A breath of fresh air and a deeply nostalgic look into the 1960’s aesthetic. Comparisons to espionage composers like John Barry or Lalo Schifrin.
“A breath of fresh air and a deeply nostalgic look into the 1960’s aesthetic,” says music discovery website Fecking Bahamas about the “Calm Sea” music video by Portland, Oregon-based “crime jazz” duo, CLIFFWALKER. “Comparisons to espionage composers like John Barry or Lalo Schifrin... The duo casually skirts past math rock, jazz, and minimalist classical like ships in the night.”
About the cinematic clip, CLIFFWALKER’s Cliff Hayes explains, “Kyros Papavassiliou, the co-writer and director of the film ‘Impressions of a Drowned Man’ is a dear friend, and I admire his work as an artist and filmmaker. The film has many ties to water and I see it as highlighting two things: Living your life with intention and care, and being content with the choices you make.”
Papavassiliou gave his blessing for the use of clips from ‘Impressions of a Drowned Man’ to form the “Calm Sea” video. Of the film itself, Papavassiliou adds, “The film is about the responsibility towards the preciousness of life, and about the responsibility of offering without waiting for something in exchange, i.e. the function of poetry and art in general that is almost forgotten in our times.”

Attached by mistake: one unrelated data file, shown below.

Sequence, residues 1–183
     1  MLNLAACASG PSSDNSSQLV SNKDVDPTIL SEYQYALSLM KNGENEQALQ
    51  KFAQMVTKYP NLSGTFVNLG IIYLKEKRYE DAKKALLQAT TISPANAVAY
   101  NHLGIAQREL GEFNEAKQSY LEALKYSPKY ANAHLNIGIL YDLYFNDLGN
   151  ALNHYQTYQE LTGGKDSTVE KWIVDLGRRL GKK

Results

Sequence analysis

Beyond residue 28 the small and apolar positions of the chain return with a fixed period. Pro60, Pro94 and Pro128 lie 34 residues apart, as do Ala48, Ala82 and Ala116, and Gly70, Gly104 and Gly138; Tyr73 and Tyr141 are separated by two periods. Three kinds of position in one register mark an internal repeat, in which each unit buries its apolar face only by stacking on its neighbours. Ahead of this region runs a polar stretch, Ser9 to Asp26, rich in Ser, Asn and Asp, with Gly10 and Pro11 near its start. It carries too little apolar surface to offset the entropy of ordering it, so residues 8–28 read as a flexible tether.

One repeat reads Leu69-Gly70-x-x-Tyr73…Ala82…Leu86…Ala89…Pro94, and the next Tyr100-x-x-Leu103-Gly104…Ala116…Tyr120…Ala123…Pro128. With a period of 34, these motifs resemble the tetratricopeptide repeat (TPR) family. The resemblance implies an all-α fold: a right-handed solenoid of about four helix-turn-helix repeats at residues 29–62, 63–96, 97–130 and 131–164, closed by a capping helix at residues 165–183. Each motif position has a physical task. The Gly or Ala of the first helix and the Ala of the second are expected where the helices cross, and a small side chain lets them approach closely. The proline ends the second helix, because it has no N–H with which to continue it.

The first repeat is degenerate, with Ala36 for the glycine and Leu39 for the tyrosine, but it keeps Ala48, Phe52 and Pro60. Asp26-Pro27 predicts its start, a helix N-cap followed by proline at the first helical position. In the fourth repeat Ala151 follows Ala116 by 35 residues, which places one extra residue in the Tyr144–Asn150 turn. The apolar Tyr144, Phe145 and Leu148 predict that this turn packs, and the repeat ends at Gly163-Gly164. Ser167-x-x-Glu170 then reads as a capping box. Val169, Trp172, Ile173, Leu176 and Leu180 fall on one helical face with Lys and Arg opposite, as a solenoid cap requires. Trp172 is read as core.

More about CLIFFWALKER While Cliff Hayes was working to become a top-notch Jazz bassist in his early college years by “practicing a lot of scales and arpeggios and reading a lot of charts,” he was also immersed in all kinds of music as a record store employee, the guilty party in so many musicians’ burgeoning career paths.
“Nearly all my waking moments were spent playing, listening, or learning about music,” he remembers.
Hayes relocated to Portland in 2005 and some years later, via fleeting meetings at the gigs of mutual friends, found himself in a conversation about artificial intelligence with a producer friend of A. Walker Spring.
“I was discussing how AI could be created to produce music by feeding it a library of riffs to train itself,” Hayes says.
Soon after, Hayes started recording his riffs at home with this idea in mind, and eventually wondered if Spring might be interested in playing drums with him on some material.
“Before I left that first session, we had already started recording the basic bass, drums and vibes that are on the final EP.”
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